Youth justice crackdown is a cost the community can’t afford  

[supplied by CAAC]


Image: supplied

Central Australian Aboriginal Congress (Congress) condemns the Northern Territory Government for introducing youth justice legislation that will see more young people refused bail, denied access to diversionary programs, subjected to electronic monitoring, and remanded in youth detention centres.


Congress CEO Donna Ah Chee said “This legislation will inevitably increase the number of Territorians in youth detention. Most of these young people are Aboriginal. Many come from traumatised backgrounds, and may have severe mental health / social and emotional wellbeing issues.


“Under these circumstances, the punitive approach being proposed by the Government will increase the rates of youth incarceration, harming Aboriginal young people in particular and do nothing to protect the community. In fact it will make rates of re-offending worse.”


Punitive approaches to detention are well-established to be ineffective. NT Government figures show that 77% of young people released from detention return within 12 months1 . Putting people in detention is also expensive with youth justice beds costing over $200,000 per year in Australia.


Ms Ah Chee said “The Government’s expensive, discriminatory and ineffective laws will worsen the ‘revolving door’ of offending.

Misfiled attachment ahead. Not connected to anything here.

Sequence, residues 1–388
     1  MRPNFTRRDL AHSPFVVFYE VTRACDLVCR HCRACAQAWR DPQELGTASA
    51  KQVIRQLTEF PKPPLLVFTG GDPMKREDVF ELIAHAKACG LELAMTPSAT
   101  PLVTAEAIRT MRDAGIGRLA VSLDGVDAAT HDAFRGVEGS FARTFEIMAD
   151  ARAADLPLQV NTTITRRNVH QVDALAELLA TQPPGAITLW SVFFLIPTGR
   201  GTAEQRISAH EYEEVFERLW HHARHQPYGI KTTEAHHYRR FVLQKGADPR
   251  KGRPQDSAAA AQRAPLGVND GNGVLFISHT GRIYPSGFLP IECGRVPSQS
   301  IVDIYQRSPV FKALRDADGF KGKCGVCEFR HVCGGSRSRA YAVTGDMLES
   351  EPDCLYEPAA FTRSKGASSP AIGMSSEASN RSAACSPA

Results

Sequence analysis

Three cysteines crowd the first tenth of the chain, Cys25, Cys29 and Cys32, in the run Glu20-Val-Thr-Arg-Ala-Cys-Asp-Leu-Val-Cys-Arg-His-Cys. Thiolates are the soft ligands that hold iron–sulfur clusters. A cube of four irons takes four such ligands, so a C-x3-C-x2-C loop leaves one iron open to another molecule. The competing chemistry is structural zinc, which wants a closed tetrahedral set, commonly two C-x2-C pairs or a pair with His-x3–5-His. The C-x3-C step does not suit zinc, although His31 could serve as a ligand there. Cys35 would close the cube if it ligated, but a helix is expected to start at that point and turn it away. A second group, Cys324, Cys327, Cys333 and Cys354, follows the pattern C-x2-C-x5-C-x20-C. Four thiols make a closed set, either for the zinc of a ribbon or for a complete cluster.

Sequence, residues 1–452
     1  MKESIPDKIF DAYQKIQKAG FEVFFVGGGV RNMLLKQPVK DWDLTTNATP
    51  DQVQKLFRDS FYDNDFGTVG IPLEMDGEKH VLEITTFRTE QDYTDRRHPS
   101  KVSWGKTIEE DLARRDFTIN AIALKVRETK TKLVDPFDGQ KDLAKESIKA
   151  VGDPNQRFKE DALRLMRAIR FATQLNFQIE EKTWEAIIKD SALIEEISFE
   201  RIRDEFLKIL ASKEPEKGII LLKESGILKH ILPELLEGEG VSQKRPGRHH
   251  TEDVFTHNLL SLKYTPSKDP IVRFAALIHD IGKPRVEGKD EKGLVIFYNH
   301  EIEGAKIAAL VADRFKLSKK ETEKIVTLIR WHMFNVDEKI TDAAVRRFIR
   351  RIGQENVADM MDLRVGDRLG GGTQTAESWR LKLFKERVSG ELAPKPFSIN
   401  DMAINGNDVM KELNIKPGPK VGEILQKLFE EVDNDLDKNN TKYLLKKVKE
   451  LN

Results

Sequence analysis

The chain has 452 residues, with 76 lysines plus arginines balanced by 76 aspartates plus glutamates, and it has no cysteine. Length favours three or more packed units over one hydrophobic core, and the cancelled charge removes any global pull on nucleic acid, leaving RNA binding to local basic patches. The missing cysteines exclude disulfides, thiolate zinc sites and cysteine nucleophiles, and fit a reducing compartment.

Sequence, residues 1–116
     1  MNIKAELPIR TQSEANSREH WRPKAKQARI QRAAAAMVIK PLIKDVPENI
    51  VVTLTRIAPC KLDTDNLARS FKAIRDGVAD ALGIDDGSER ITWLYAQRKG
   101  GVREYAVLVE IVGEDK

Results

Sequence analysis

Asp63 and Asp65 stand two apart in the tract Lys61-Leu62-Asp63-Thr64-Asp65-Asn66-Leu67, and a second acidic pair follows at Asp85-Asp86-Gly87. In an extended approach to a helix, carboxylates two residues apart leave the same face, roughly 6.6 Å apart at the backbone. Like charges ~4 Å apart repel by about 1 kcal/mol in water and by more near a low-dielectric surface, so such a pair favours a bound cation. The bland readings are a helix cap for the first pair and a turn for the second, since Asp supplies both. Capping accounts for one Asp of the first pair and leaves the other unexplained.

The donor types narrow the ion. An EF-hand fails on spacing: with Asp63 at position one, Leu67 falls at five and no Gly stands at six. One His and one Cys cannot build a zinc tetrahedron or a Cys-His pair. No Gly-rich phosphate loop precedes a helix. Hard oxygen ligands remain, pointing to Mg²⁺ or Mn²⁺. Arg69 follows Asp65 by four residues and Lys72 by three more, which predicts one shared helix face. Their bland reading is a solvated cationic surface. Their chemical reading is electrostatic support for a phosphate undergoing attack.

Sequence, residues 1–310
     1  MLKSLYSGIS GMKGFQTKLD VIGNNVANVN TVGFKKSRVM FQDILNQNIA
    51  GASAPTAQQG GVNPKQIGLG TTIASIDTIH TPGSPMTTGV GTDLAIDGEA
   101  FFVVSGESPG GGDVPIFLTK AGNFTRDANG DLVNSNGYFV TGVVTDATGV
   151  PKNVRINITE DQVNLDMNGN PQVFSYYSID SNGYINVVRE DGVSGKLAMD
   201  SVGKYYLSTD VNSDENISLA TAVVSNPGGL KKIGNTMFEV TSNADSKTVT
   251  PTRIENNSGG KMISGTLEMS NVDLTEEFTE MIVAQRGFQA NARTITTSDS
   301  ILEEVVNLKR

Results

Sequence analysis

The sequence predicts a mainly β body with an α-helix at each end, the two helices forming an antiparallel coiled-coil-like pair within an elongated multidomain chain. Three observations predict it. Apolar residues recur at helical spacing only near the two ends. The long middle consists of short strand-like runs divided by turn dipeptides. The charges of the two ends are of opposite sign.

“We share the concerns held by the community about youth crime in some parts of the Northern Territory. However, genuinely improving community safety requires an evidence-based approach,” she said.


“Diversionary programs are effective for the majority of young people and show lower rates of reoffending.


“However, we recognise that there are a small number of young people with serious behavioural issues who are unable to engage with diversionary programs. These people may need to be detained for their own wellbeing and the safety of the community. However, this should be in secure rehabilitation centres focused on therapeutic approaches staffed by a multidisciplinary team of health professionals – not in a prison staffed by guards.


“Congress has been advocating for many years for a secure care rehabilitation model. This has been used overseas with great success: the Diagrama model in Spain, for example, uses a genuinely rehabilitative model to detention with reoffending rates as low as 14%3 - less than a fifth of what we see in the Northern Territory”, Ms Ah Chee said.


Ms Ah Chee concluded by calling on the Northern Territory Labor Government to reconsider this poorly thought through legislation.


“I would like to remind the Government of their former strong support for reducing the rates at which are young people are locked up,” she said.


“The Gunner government supported all of the recommendations relating to youth justice from the Royal Commission into the Detention and Protection of Children and needs to stay the course. Only two years ago, the Gunner Government was talking about measures that put young people on a pathway to be better citizens, not criminals. What we saw back then were some genuine attempts to stop young people from reoffending, using evidence-based approaches.


"I would urge them to abandoning this expensive, discriminatory and ineffective approach, and to enter into a genuine partnership with service provides to keep our communities safe while looking after our troubled and most vulnerable young people."


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